Govt mulls lifting work ban on Nepalis in conflict-hit countriesThe government is working to lift a ban on Nepali citizens to work in Afghanistan hardly a month and half after the Kabul suicide attack that claimed the lives of 13 Nepali security guards working for the Canadian embassy.
The government is working to lift a ban on Nepali citizens to work in Afghanistan hardly a month and half after the Kabul suicide attack that claimed the lives of 13 Nepali security guards working for the Canadian embassy. The government had imposed restriction on its national from taking up jobs in Afghanistan three days after the deadly attack that draw widespread public outrage.
The Ministry of Labour and Employment (MoLE) is likely to take a decision on the matter based on a report of a committee formed to assess the security situation of Nepalis working in Afghanistan. Last month, the committee had recommended the government to lift the ban after taking all necessary measures to ensure security of Nepali workers.
In the report submitted to Prime Minister Pushpa Kamal Dahal, the committee has stated that an increasing number of workers were going to work in Afghanistan through informal channel following the ban.
“It’s not just the case with Afghanistan. Hundreds of Nepali migrants have been going to countries like Iraq, Libya. So, we are also thinking to review travel bans imposed on war-ravaged countries other than Afghanistan,” said a ministry official requesting anonymity because he is not authorised to speak to the press.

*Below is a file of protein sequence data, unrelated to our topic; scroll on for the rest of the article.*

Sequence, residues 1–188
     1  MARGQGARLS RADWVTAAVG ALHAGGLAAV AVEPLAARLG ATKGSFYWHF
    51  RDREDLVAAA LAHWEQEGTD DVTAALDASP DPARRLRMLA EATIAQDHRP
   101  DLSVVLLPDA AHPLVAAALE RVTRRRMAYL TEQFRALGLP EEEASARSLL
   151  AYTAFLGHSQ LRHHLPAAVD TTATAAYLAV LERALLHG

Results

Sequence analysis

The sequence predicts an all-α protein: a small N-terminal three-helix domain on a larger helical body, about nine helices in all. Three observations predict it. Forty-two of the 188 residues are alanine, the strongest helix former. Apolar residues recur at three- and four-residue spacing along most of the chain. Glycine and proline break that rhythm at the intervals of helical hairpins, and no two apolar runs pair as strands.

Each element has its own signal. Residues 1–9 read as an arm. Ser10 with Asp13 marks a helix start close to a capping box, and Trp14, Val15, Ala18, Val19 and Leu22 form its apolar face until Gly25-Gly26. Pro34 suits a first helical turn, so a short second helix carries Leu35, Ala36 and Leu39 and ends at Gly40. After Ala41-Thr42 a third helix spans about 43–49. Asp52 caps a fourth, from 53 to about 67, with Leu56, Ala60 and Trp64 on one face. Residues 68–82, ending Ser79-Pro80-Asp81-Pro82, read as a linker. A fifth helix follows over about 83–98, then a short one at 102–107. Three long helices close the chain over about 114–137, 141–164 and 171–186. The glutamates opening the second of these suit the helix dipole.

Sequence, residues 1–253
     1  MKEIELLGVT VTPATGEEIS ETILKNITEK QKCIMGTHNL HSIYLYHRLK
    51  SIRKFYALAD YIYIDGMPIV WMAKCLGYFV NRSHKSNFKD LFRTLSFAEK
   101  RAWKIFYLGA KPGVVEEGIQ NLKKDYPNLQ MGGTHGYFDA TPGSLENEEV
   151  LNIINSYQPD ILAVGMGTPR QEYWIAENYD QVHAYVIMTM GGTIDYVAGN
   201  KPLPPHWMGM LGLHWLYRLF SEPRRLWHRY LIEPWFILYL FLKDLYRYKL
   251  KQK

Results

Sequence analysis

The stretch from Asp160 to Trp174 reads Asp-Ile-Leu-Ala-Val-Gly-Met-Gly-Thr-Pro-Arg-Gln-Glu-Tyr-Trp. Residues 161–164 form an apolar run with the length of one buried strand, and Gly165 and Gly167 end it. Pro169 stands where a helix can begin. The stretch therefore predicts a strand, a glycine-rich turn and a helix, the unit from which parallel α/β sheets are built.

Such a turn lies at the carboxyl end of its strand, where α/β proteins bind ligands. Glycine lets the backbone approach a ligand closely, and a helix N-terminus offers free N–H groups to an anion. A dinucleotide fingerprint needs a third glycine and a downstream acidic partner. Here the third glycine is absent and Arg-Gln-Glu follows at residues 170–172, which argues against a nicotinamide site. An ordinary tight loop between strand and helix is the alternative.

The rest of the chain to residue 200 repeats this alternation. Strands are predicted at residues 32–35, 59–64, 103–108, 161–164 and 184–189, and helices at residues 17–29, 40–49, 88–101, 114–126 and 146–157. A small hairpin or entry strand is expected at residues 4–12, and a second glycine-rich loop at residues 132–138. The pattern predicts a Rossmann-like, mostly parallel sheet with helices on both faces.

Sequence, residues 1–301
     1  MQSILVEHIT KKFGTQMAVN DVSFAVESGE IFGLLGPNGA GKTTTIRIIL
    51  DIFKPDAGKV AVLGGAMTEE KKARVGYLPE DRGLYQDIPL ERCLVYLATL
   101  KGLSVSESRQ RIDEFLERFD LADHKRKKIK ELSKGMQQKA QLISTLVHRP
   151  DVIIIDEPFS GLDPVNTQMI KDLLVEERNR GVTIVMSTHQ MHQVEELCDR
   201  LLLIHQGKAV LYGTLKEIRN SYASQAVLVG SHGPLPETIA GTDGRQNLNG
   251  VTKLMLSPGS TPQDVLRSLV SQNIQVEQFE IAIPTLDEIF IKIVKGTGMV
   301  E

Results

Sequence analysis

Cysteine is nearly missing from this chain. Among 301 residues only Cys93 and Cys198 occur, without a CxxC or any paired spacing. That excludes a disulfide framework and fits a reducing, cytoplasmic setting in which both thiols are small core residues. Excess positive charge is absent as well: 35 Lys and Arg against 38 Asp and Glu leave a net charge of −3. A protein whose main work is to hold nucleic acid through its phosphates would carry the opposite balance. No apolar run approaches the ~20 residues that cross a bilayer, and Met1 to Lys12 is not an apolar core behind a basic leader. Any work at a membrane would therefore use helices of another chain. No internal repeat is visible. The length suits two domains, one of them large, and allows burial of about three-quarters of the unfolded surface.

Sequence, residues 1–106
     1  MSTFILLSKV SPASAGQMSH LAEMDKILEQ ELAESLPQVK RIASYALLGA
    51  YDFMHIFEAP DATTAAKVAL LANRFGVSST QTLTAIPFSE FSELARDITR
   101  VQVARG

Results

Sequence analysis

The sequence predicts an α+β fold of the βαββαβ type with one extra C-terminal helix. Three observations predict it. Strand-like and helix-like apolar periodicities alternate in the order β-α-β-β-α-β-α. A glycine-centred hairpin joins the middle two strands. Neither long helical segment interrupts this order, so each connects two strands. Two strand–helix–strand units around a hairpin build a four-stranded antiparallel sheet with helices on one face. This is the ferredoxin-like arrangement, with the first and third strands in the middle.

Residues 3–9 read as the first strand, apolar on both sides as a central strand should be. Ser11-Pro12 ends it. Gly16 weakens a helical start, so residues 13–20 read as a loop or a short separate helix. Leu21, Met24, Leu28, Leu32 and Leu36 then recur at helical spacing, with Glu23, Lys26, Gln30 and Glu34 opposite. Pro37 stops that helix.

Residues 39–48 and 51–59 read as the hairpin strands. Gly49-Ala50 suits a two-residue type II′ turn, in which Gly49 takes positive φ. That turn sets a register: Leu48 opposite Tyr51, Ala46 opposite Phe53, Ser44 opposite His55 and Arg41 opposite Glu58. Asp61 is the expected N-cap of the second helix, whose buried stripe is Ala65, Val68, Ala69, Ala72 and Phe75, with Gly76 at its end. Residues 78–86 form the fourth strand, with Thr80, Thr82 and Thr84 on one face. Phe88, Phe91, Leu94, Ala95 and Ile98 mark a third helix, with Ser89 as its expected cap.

According to initial plans, the official explained, workers would be allowed to join jobs offered by selected employers, including the Nato allies and other western companies offering full security to workers. On Sunday, Labour Minister Surya Man Gurung had confirmed about government’s preparations to lift the ban. But some stakeholders, including the Foreign Ministry and Nepali embassy in Pakistan have been pressing the government not to lift the ban in haste, arguing that the western employers were spending very little in security of workers.
Experts claim that the travel ban has done very little to discourage workers from going to conflict zones. A recent report titled ‘Labouring Under Fire’ published by the Centre for the Study of Labour and Mobility suggests that many Nepalis have been going to Afghanistan without obtaining permission from the Nepal government even after the Kabul attack.
The report concludes that the government has been too shortsighted in seeking a solution through travel ban while workers are being offered alternative routes.
In a recent interview with the Post, MoLE Secretary Bishnu Prasad Lamsal had said that the government would take necessary measures to ensure security of workers before allowing them to go to such volatile countries.